RE: You Won't Believe My Email Clickbait

August 21, 2017 Heather Cherry

computer mouse inside mousetrap

It’s no secret one of my top email marketing pet peeves is clickbait, and I’m not alone. Fifty-four percent of email subscribers admit to feeling deceived by a commercial email’s subject line.

Clickbait is a modern marketing strategy that uses eye-catching content to lure unsuspecting readers in and get them to click on links. Originally used on websites and blogs, clickbait has made its way to email marketing and has no signs of stopping.

At first glance, clickbait can seem like a great idea. Your insurance emails will get noticed in inboxes and open rates will soar. But don’t get too excited, yet. Clickbait can do more harm than good. If subscribers open your emails only to find they are underwhelmed, or worse tricked, you’re going to have a hard time rebuilding those relationships.

Oh yeah, and misleading subject lines are illegal. Yes, you read that right. The CAN-SPAM Act prohibits the use of deceptive subject lines. If you break the law, your reputation won’t be the only thing at stake.

Still not convinced? Here are three popular examples of email clickbait and how they can damage your insurance agency’s reputation and ruin customer relationships.

 

Hello, there. Remember me?

An email that appears to come from an acquaintance or friend catches the subscriber’s attention. After all, who doesn’t open an email from someone they know?

But when the recipient opens your email, they realize they have been fooled into thinking you are a trusted associate when really you aren’t. Your brand is now associated with deception and false representation.

Who would want to do business with an insurance agency with such a reputation? Good luck overcoming that bad first impression.

 

RE: Your insurance policy.

This is arguably the worst culprit of email clickbait, and my least favorite of them all. The strategy is simple: RE or FWD precedes a subject to make subscribers believe the emails are part of an ongoing communication.

Even the most mundane subject line instantly jumps out in inboxes and begs the recipient to open at once. Someone replied to my email? I wonder what they have to say.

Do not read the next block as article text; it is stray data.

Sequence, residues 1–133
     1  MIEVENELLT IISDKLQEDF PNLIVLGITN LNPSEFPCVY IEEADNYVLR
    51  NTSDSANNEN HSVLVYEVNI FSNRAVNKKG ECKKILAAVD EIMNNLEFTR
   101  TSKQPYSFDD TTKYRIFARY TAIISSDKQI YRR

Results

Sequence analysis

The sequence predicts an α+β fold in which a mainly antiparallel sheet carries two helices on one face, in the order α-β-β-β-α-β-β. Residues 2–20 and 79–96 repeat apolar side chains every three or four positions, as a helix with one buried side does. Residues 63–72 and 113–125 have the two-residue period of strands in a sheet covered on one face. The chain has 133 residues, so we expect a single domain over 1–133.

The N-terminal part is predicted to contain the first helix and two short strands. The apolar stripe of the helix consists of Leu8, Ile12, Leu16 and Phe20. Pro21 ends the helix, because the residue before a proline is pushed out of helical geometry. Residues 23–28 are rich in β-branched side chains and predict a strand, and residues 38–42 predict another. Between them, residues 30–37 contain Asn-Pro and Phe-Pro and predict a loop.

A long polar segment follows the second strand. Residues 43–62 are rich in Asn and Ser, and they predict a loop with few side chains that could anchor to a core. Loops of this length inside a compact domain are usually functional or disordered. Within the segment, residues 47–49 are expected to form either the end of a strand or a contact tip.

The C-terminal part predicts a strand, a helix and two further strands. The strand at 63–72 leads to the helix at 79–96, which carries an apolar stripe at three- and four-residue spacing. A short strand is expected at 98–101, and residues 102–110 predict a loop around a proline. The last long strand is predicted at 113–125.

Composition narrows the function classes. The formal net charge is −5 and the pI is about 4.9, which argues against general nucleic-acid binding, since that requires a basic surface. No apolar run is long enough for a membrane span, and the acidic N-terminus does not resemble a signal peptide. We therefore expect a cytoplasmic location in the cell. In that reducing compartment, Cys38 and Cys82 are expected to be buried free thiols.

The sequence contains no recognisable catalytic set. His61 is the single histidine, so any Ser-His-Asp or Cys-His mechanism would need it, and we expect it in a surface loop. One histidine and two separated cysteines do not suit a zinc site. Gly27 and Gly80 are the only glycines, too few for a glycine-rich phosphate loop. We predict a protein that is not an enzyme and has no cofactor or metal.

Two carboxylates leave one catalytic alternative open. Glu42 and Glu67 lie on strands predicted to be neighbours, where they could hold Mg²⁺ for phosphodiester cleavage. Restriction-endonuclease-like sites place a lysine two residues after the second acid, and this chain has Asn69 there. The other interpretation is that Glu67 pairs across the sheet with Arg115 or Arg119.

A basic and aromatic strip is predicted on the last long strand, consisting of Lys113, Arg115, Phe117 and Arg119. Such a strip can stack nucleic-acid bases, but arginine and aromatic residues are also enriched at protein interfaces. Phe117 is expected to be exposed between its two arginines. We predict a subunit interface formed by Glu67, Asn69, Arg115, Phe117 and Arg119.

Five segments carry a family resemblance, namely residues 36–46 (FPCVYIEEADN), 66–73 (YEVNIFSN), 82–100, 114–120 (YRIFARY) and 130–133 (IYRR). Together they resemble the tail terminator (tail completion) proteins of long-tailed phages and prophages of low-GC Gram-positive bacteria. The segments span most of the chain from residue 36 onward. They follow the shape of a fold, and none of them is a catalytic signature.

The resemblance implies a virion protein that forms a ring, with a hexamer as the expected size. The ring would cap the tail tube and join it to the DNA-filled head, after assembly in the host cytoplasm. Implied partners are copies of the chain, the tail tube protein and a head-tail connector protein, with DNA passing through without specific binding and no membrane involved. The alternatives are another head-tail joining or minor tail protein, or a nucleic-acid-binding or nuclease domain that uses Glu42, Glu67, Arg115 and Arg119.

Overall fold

However, eager curiosity quickly turns to confusion when the recipient realizes the email wasn’t part of a thread. It won’t take long for that confusion to escalate to irritation.

Nobody likes to be tricked. Skip the RE and FWD and you will prevent receptive subscribers from becoming guarded detractors.

 

ICYMI: Justin Timberlake juggles pineapples while riding a bicycle.

We’ve all seen this one. In an exaggerated attempt to stand out in inboxes, the sender uses a subject line that is so eccentric it no longer corresponds with the email’s content.

It’s one thing to elevate curiosity, but it’s completely different if your subject doesn’t even match what your email is about. Yes, you will see a jump in your open rates, but that’s about all you will see.

If your message doesn’t meet or exceed what your subject line promises, your readers will be let down. Do you really want your insurance agency to produce feelings of disappointment?
 

Keep your eye on the prize.

Email marketing is all about building strong relationships with your subscribers that are founded on trust. Remember, you need subscribers to open your emails, but also read and take action as well. Don’t blow it on the first step by using unwanted clickbait. Invoke authentic curiosity and deliver accordingly, then sit back and watch your email marketing thrive.

 

 

Need help staying in touch with all of your agency’s customers and prospects? We can help! Contact us today for a free consultation. 

About the Author

Heather Cherry

Heather Cherry provides training and support on AgencyBuzz to ITC customers, leads AgencyBuzz Academy and presents on email marketing at Masters of Marketing. She has a bachelor’s degree in rhetoric and writing from The University of Texas at Austin. Heather’s email marketing specialties include newsletters, unique content, contact segmentation, and targeted marketing. She is also a self-proclaimed social media junkie, cat lover, hopeless romantic, and music buff.

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